Healthy Hot Chocolate: For You and Your Kiddos
Warning: Sipping cups of chocolate with your kiddos is a joy trigger!
At Almeda, we have fond memories of drinking hot chocolate throughout childhood. Hot chocolate can be a rich, delicious treat and is often associated with happiness. The happy effects of seeing kids’ enjoyment of this treat lasts even longer when, as adults, we learn the potential benefits of hot chocolate prepared with healthy ingredients. (Adults can enjoy a cup, too...)
Whether you grew up drinking the highly processed stuff or higher-quality fare, we know you’ll love preparing Almeda’s Kasvi-infused Healthy Hot Chocolate Recipe.
The origins of hot chocolate
Chocolate is derived from the cacao tree. The latin name for the cacao tree is Theobroma cacao, literally meaning, “cacao, food of the gods.” Not kidding.
Chocolate drinks originated in the pre-Columbian societies of Mesoamerica--ancient Mayan and Aztec cultures. Hot chocolate is thought to have originated approximately 3,000 years ago by the Maya. Cocoa drinks--known as xocōlātl--had become an essential part of Aztec culture by 1400 A.D.
Cacao beans were so valuable they were used as currency.
A treasured global phenomenon
Today hot chocolate is prepared many ways around the world, with variations that may be thick or thin, sweet or bitter. It’s enjoyed in specific ways in certain countries:
- Belgium - using both bitter or semisweet chocolate
- Colombia - fusing chocolate and cheese
- France - creamy Le Chocolat Chaud
- Hungary - Hungarian paprika, white pepper, and ground cloves
- India - Chai with spices like ginger, cinnamon, and cardamom
- Italy - Cioccolata calda
- Mexico - Champurrado, prepared with chunky chocolate atole and masa harina
- Nigeria - Chocolate “tea”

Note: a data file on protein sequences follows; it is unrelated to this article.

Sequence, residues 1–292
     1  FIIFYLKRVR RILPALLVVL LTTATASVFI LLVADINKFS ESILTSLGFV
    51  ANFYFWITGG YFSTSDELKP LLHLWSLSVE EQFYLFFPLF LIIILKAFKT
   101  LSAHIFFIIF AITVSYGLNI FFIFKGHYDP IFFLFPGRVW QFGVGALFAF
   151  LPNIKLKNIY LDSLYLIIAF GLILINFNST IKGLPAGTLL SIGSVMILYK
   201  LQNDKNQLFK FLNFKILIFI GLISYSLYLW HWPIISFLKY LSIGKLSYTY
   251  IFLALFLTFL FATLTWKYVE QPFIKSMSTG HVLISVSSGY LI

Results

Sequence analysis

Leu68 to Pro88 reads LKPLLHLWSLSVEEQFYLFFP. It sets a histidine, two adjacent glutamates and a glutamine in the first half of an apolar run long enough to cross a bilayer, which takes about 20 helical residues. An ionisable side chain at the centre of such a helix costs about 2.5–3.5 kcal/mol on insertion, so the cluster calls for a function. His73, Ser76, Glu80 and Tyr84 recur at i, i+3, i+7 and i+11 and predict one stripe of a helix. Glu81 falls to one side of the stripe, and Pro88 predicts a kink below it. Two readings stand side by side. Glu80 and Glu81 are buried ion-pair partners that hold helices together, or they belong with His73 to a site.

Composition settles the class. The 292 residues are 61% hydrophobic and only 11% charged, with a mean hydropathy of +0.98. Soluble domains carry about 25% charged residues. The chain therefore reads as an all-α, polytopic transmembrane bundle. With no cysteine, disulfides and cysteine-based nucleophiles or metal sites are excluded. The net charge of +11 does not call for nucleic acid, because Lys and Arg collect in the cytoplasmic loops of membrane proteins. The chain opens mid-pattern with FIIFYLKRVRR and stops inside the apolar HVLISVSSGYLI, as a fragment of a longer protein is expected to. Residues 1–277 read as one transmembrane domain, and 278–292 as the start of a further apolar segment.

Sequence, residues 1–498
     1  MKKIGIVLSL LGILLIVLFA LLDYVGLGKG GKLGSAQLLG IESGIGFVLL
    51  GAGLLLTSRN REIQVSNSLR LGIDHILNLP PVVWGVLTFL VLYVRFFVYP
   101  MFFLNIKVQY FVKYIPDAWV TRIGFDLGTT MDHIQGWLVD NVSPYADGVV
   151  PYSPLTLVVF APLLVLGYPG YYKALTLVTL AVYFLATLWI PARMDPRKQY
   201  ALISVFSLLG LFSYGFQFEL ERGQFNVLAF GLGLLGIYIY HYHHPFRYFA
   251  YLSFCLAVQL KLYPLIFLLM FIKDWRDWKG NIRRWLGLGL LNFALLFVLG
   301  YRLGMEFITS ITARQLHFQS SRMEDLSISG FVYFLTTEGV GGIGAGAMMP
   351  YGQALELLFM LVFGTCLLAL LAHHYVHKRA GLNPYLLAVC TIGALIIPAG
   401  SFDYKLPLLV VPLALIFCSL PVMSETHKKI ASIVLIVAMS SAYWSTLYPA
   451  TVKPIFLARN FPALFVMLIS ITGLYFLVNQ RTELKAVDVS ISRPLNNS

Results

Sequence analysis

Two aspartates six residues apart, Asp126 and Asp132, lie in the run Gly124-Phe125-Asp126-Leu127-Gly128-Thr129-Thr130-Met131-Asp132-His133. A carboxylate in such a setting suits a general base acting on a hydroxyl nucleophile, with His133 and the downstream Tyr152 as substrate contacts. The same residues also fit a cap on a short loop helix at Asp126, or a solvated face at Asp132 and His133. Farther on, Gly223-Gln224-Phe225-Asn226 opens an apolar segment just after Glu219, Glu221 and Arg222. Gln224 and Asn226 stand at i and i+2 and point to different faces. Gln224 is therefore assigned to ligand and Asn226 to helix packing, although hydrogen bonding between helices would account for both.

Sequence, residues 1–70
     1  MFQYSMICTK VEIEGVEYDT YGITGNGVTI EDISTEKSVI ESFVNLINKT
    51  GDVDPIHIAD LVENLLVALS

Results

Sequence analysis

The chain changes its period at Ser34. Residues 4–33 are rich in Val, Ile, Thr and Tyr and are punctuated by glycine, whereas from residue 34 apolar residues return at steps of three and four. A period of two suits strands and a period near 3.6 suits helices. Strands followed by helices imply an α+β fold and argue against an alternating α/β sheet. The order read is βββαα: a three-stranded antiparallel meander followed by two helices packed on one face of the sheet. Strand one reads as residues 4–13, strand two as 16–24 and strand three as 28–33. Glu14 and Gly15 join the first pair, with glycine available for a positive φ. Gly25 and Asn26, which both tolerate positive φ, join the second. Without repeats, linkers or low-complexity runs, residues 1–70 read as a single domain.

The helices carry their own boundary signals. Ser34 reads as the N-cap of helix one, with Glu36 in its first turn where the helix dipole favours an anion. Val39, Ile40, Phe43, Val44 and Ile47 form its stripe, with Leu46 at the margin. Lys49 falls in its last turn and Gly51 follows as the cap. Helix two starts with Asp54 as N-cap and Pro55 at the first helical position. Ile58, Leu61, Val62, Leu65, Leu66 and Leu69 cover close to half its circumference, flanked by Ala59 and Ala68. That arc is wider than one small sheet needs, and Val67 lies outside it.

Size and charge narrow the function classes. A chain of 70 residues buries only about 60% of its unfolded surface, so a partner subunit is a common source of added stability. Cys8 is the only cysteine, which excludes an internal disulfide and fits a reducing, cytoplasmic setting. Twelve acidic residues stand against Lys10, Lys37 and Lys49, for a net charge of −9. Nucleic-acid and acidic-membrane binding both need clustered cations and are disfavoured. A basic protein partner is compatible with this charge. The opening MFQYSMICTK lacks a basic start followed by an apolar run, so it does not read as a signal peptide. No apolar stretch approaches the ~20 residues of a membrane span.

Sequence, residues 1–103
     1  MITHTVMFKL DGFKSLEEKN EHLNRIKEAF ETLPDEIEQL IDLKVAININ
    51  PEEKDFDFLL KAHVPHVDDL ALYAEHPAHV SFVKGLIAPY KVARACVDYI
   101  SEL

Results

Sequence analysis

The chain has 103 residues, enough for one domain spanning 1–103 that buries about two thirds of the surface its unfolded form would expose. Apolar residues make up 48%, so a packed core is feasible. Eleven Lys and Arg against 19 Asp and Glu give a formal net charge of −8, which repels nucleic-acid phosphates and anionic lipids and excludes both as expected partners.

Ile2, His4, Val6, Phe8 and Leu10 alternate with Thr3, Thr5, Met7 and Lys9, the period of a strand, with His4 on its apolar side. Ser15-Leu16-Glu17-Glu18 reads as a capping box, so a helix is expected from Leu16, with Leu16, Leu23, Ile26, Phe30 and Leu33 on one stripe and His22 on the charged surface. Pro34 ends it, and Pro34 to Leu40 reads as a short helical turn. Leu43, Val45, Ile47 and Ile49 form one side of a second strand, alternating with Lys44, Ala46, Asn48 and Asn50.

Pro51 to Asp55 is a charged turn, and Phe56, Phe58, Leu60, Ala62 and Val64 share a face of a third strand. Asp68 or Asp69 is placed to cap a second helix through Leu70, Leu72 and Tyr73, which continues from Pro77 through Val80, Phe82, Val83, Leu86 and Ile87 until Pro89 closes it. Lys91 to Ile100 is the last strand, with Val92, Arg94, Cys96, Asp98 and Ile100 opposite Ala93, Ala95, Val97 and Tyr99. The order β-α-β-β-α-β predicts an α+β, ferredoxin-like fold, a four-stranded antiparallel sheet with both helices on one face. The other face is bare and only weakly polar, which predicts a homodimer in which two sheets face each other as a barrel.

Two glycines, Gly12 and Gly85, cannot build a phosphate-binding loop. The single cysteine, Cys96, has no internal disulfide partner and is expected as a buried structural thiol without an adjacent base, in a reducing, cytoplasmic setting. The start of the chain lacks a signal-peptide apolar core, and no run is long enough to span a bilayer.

- The Philippines - Tsokolate
- Spain - thick (almost pudding-like)
- Switzerland -
- The Philippines - Tsokolate
Potential health benefits of chocolate drinks
Cocoa contains flavonols, which contain health benefits. Consumption of flavonols may:
- reduce levels of cholesterol.
- lower blood pressure.
- lower blood sugar.
- reduce inflammation.
- lower risk of heart attacks.
- lower risk of strokes.
Dark chocolate’s health benefits may support cardiovascular, bone, dental, and brain health. Organic dark chocolate serves as an antioxidant and may, when consumed in moderation, offer some anti-cancer benefits as well as diabetes protection.
Ideally, you want to avoid milk chocolate or white chocolate, which tend to be higher in fat, dairy and sugar than dark chocolate.
Adding a nutritional supplement (like Kasvi) is one way to increase the health benefits of your next cup of hot chocolate. Kasvi contains a variety of superfoods and adaptogens that can further boost your next cup of hot chocolate’s health benefits.
Almeda’s Kasvi Hot Chocolate Recipe
8 oz nut milk
1 ½ Tbsp Kasvi or Kasvi Cacao
1 tsp agave
Drinking chocolate or your favorite hot chocolate mix (to taste)
Toppings of choice (see below)
- Mix Kasvi with 2-3 Tbsp of hot water.
- Add the agave.
- Warm up the nut milk.
- Blend the Kasvi concentrate you prepared in steps 1 and 2 with the warm nut milk and with your drinking chocolate or hot chocolate mix.
Topping options: enjoy “as is” or get creative
Classic American-made hot chocolate can, unfortunately, bring to mind sugar-laden toppings. To help kids break out of the sugar habit, try sampling from this list of alternative toppings. You can even set up a topping bar with a few choices from this list to let kids explore flavors from around the pantry, and around the world. (Just be careful not to serve small pieces to your littlest ones.)
Sprinkle or steep to taste some mint leaves, cinnamon, whipped coconut cream, dark chocolate shavings, or nut butters. With older kids, experiment with star anise (so beautiful!), cloves, shredded coconut, hazelnuts, vanilla beans, candied ginger, orange peel zest, and more.
Keep it as simple or adventurous as you would like! Tag us with photos of your next Kasvi Hot Chocolate blend! We’d love to see your creations. Enjoy this simple, timeless treasure -- made even healthier for the next generation.